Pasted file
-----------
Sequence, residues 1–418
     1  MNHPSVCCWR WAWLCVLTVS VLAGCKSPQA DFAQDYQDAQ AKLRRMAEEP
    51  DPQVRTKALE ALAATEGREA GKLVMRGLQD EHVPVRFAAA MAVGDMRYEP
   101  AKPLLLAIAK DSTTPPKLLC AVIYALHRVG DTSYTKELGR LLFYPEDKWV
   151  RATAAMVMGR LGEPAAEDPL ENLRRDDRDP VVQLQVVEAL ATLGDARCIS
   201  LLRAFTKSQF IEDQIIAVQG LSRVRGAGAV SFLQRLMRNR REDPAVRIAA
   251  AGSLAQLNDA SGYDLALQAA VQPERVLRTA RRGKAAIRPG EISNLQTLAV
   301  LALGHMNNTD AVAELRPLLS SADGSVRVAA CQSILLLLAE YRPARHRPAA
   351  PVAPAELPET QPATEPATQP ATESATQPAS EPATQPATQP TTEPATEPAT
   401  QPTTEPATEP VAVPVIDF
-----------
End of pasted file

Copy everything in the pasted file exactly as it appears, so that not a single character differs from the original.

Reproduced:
Sequence, residues 1–418
     1  MNHPSVCCWR WAWLCVLTVS VLAGCKSPQA DFAQDYQDAQ AKLRRMAEEP
    51  DPQVRTKALE ALAATEGREA GKLVMRGLQD EHVPVRFAAA MAVGDMRYEP
   101  AKPLLLAIAK DSTTPPKLLC AVIYALHRVG DTSYTKELGR LLFYPEDKWV
   151  RATAAMVMGR LGEPAAEDPL ENLRRDDRDP VVQLQVVEAL ATLGDARCIS
   201  LLRAFTKSQF IEDQIIAVQG LSRVRGAGAV SFLQRLMRNR REDPAVRIAA
   251  AGSLAQLNDA SGYDLALQAA VQPERVLRTA RRGKAAIRPG EISNLQTLAV
   301  LALGHMNNTD AVAELRPLLS SADGSVRVAA CQSILLLLAE YRPARHRPAA
   351  PVAPAELPET QPATEPATQP ATESATQPAS EPATQPATQP TTEPATEPAT
   401  QPTTEPATEP VAVPVIDF